Omonoimi Jinja (Oomonoimi / Ohmonoimi / Ohomonoimi Jinja) is a shrine in Yamagata that venerates Mt. Chokaisan. There are three shrine locations. The mountain itself is the Omonoimi-no-Kami. It is an active volcano and has erupted several times in recorded history.
Kita-no-yama, Awa-umi-dake, was the name of Chokaisan before it was renamed in the year 1342. This mountain marked the northern boundary of the land in olden days, and it protected against invasions. On the peak of Kita-no-yama is the honsha of Omonoimi Jinja.
Who is Omonoimi-no-Kami? In addition to the Kita-no-yama mountain, this kami is also Ooimi-no-Kami, Toyouke Daijin, and Kurakine-no-tama-no-mikoto (brother of Izanagi), according to shrine information.
The mountain became a place for the practice of shugendo. There are two gateway training centers in the foothills miles away from the peak. They are called the Warabioka-guchi and the Fukuura-guchi. They were both founded in about the year 564, more than 1400 years ago.
In the year 862, the shrines were listed in Engishiki as Myojin Taisha and Tsukiyama Jinja (Fukuura-guchi). Then it merged into a temple shrine, the Chokaisan Daigongen during the syncretic period. In Meiji times it separated and became the Omonoimi Jinja. It is the Dewa Ichinomiya.
Warabioka-guchi Site Visit
When we visited, I found it was a lovely place with stone lanterns, a large stone water basin, and a large hexagonal disc on the ground. There was no one there so we walked around and took pictures. In particular, I photographed the signboards. There were four hokura in the rear upper section of the keidai. It had been raining and it was pretty cold. Here are some photos numbered 0317-0360.
We were especially eager to see this shrine since it lists as one of the saishin the Toyoke-Ookami, fifth Takamimusubi of Hitakami and his other aspect, Ukanomitama no Mikoto.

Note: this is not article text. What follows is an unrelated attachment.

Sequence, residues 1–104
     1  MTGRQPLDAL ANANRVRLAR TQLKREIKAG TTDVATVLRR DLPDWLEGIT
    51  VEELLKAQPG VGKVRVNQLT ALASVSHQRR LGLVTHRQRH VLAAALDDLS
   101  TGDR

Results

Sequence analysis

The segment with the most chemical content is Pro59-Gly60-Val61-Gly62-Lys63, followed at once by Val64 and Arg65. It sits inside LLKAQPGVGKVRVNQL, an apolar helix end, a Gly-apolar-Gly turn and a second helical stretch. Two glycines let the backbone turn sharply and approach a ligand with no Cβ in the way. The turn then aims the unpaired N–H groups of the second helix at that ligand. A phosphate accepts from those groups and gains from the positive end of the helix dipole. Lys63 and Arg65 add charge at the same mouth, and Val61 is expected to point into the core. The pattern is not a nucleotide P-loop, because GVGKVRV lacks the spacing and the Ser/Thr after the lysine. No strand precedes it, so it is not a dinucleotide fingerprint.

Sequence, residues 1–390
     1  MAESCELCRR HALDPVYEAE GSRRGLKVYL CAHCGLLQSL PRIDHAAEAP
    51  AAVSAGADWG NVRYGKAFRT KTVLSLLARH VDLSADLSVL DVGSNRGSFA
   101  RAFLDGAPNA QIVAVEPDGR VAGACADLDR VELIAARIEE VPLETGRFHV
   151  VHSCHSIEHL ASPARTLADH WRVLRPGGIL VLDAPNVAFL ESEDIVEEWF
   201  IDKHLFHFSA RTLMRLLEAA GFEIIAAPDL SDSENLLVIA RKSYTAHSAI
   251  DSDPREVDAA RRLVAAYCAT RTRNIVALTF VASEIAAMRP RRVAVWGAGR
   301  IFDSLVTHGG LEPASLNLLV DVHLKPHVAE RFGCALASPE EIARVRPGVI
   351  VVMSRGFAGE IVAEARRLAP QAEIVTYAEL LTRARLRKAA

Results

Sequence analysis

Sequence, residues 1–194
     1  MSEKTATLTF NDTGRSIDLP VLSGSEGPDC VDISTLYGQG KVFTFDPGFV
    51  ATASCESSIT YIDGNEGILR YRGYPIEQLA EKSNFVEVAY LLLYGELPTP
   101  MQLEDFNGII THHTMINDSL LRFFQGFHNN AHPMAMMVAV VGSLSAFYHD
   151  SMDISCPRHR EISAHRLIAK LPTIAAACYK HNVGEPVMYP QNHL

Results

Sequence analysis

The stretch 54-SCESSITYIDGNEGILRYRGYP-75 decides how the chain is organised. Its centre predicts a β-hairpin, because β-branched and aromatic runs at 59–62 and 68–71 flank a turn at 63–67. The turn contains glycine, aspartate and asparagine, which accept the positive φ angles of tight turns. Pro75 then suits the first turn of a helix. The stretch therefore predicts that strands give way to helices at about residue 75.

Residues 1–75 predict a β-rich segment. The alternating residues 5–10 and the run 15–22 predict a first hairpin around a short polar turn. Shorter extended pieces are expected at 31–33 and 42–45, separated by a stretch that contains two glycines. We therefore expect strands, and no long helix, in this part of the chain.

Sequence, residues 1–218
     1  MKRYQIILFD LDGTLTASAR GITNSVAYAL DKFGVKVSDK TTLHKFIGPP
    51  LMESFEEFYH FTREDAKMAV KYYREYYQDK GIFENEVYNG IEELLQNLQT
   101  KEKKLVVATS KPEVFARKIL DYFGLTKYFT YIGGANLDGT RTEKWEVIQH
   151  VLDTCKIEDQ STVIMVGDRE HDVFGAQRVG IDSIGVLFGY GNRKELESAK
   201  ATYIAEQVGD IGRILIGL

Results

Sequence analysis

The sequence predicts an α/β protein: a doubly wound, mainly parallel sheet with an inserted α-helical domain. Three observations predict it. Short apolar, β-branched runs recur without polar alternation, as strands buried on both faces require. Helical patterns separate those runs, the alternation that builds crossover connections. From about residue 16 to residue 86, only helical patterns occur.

Now that I have examined the posted map more closely, I wish I had climbed the kaidan to the top of the hill through the buna forest to see the ancient worship place.
Fukuura-guchi Site Visit
There was an office where I obtained a pamphlet from a guji-san. Although there is a map, it only shows the location of the honsha on the mountaintop and not the auxiliary shrines which are further down in the foothills.
This shrine is approached from one of the streets of the machi. Just inside the grounds there was an ike with a momiji tree in full color. The honden was up on the hill. It faced south. After looking around the upper keidai, we noticed on the right a path leading further up. We followed it and found nothing of interest. Still, it must lead to something. Regretfully there was no map to consult.
There is no doubt that the Warabioka site is ancient. The buna trees on the hill are remnants of a primeval forest. At the top of the hill are remains of an ancient place of worship. We know that the gateways served as training centers for the shugenja.
Although there is no hard evidence, it may well be that the Omonoimi Jinja are honoring Omononushi from the days of Hotsuma. He, as Ohonamuchi, provided for the people of the northern country as did the protector mountain Omonoimi Kita-no-yama. They are both Omonoimi-no-Kami!
Ohonamuchi, when he died, was named Utsushi-kuni-tama (removed spirit of the land) and became the deity Tsugaru Umoto (Great Original Deity of Tsugaru). Aya 10, JTC, http://www.hotsuma.gr.jp/aya/aya10-e.html